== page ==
Forsaken tribal museum waits for curator at Medaram

Forsaken tribal museum waits for curator at Medaram
Highlights

The long-awaited tribal museum that reflects the life and culture of Koya community at Medaram where tribal carnival Sammakka-Saralamma jatara, believed to be the largest tribal confluence in Asia, takes place biennially hit a roadblock within a few days after it was thrown open to the public.

Medaram (Bhupalpally): The long-awaited tribal museum that reflects the life and culture of Koya community at Medaram where tribal carnival Sammakka-Saralamma jatara, believed to be the largest tribal confluence in Asia, takes place biennially hit a roadblock within a few days after it was thrown open to the public.

The demand for a tribal museum in Medaram that attracts more than a crore people during the tribal fair besides a steady flow of devotees everyday dates back to more than a decade. It was in 2012, the then Chief Minister N Kiran Kumar Reddy who attended the jatara promised to sanction Rs 2 crore for the museum. It remained a promise until the State bifurcation.

Although the Telangana government promised to make it happen, it took another three years to realise the project. Finally, the government took special interest to speed up the museum works and threw it open a few days before the 2018 jatara. However, the tribals’ happiness was short-lived as the authorities had to pull the shutters down due to lack of staff to run the museum.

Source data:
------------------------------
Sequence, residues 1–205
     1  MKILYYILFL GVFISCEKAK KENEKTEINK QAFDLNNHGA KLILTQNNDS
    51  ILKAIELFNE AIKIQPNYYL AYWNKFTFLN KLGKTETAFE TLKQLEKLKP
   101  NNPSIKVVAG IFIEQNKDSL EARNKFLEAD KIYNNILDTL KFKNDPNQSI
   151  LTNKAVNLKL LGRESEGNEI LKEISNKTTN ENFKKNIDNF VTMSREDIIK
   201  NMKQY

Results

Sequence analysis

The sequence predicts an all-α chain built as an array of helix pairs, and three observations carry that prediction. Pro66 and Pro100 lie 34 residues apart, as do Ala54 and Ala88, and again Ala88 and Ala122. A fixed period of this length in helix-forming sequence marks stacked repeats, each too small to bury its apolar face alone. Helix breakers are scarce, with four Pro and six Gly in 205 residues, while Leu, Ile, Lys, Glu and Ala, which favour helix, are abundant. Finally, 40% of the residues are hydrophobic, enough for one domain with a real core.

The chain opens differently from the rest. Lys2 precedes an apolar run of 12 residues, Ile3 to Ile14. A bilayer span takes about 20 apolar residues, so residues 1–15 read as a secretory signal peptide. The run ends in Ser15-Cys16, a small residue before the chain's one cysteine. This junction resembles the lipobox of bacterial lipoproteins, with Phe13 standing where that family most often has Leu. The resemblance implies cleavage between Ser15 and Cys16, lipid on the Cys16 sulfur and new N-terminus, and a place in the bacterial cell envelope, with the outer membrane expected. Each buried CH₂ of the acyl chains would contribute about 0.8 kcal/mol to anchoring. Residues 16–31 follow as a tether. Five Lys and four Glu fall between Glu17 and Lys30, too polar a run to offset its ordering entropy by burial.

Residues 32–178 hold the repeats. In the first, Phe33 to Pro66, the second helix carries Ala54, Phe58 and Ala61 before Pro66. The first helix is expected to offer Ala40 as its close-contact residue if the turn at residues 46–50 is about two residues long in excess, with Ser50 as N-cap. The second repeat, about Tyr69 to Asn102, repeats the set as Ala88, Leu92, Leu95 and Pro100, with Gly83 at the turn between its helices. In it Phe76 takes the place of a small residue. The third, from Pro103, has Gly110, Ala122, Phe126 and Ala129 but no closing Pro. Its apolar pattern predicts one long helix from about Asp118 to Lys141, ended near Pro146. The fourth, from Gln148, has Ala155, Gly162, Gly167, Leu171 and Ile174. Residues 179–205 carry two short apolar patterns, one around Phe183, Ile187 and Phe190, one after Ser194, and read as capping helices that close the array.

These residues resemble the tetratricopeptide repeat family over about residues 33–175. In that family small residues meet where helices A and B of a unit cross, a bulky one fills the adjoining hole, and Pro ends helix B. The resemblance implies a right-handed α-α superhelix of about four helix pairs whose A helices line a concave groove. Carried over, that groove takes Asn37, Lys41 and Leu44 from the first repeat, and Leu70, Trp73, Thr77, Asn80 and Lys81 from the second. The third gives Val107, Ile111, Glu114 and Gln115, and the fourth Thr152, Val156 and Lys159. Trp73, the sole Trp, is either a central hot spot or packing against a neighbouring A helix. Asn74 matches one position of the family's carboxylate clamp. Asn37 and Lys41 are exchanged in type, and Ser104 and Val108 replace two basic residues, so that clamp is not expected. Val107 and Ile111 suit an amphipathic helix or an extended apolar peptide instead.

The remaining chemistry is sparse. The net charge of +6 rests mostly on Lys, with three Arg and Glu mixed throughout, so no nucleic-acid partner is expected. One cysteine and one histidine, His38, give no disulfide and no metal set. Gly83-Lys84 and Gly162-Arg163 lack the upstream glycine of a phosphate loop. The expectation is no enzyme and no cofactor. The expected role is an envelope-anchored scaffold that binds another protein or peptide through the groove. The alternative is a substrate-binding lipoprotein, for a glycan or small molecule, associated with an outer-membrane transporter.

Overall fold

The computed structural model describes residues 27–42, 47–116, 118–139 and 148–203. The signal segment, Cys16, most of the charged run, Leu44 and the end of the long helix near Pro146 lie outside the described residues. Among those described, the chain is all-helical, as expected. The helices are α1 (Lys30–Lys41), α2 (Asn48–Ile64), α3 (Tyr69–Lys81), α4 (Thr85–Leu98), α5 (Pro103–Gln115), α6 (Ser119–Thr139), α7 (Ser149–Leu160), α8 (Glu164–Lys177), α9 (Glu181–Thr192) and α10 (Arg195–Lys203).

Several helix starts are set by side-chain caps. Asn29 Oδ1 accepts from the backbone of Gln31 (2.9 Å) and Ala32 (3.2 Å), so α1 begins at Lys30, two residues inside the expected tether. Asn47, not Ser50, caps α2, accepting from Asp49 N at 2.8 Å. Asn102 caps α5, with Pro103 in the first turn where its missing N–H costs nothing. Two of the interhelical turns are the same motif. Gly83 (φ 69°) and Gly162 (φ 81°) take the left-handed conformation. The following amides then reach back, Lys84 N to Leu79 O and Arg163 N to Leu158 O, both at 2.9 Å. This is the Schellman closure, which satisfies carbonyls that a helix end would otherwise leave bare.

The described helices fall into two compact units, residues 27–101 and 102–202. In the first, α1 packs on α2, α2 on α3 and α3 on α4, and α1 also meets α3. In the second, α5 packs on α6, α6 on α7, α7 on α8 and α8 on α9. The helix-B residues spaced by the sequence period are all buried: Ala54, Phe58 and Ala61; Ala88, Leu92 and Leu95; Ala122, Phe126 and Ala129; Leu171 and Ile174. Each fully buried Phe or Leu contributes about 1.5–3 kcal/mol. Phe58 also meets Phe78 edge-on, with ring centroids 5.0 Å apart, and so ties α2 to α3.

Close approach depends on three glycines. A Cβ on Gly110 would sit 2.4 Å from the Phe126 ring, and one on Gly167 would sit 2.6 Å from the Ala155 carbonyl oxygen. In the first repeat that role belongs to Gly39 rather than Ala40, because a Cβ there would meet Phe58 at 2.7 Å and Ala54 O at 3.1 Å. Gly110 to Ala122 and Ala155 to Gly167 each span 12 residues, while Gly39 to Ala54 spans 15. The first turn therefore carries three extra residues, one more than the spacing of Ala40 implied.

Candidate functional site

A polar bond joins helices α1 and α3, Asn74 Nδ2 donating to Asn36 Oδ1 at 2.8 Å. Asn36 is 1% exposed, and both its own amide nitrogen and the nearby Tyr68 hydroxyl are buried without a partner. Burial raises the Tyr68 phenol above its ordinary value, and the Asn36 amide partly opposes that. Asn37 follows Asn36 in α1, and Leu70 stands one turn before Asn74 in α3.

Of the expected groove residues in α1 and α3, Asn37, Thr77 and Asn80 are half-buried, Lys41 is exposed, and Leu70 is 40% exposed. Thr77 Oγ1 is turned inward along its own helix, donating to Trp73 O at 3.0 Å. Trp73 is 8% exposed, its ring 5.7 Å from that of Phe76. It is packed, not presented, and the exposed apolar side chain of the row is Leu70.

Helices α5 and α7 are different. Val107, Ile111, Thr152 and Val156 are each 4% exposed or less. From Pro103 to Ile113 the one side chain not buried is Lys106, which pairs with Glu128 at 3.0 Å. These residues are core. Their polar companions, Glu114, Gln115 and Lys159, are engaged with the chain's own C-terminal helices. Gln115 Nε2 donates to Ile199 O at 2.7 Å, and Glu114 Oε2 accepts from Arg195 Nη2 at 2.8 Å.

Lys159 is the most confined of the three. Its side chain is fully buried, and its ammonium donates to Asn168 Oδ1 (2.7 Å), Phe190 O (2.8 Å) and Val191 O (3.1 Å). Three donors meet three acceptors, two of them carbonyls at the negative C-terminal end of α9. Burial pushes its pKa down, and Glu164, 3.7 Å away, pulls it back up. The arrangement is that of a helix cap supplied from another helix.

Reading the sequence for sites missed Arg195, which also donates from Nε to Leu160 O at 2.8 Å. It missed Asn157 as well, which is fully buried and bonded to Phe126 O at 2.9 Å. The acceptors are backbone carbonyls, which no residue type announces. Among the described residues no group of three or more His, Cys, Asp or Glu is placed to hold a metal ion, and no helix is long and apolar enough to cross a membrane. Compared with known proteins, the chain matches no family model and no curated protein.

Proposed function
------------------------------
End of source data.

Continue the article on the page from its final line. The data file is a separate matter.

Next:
The spherical-shaped Rs 1.60 crore double-storied museum at Medaram is the fifth of such kind. The others are being located in Hyderabad, Bhadrachalam (Bhadradri-Kothagudem), Jodeghat (Kumram Bheem-Asifabad) and Chenchu museum at Mannanur (Nagarkurnool).

The hallmark of the museum is that it provides a peek into the life of the aboriginals through six varieties of exhibits – life-sized sculptures depicting the story of Sammakka-Saralamma; paintings of Rasa Koyas’ royal insignia; photographs of Adivasis’ culture, tradition and lifestyle; original artefacts of yesteryears collected from the local fora; replicas such as temples; a 25-minute documentary on local tribes. The government allocated Rs 30 lakh exclusively for the collection of artefacts.

Speaking to The Hans India, the Curator of the Tribal Museums Dyavanapalli Satyanarayana said, “It took a whole lot of time and exercise for us to recruit the Assistant Museum Curator. Finally, we have recruited the staff and it’s a matter of time to make the museum available for the public.”

It’s learnt that reason for the delay in recruiting the Assistant Museum Curator was due to the difficulty in finding a qualified person who requires Post Graduation in History or Anthropology or Archaeology or Sociology, along with a PG Diploma in Museology. Moreover, the candidate should belong to Koya community and a local.

“It was disappointing to see the locked museum which is just a furlong away from the Gaddelu (platform) where deities Sammakka-Saralamma are located. I came to know through my friends that a series of life-sized sculptures that depict the story of Sammakka-Saralamma is a huge attraction. But I have to wait for some more time to see the museum,” Kadipikonda Srinivas Reddy, who recently visited Medaram, said.

It may be noted here that Medaram attracts hordes of devotees on Wednesday, considered as auspicious by Sammakka devotees, and on all holidays. Meanwhile, it is learnt that Rs 7 crore Haritha Hotel constructed in Medaram is also closed down for reasons unknown.

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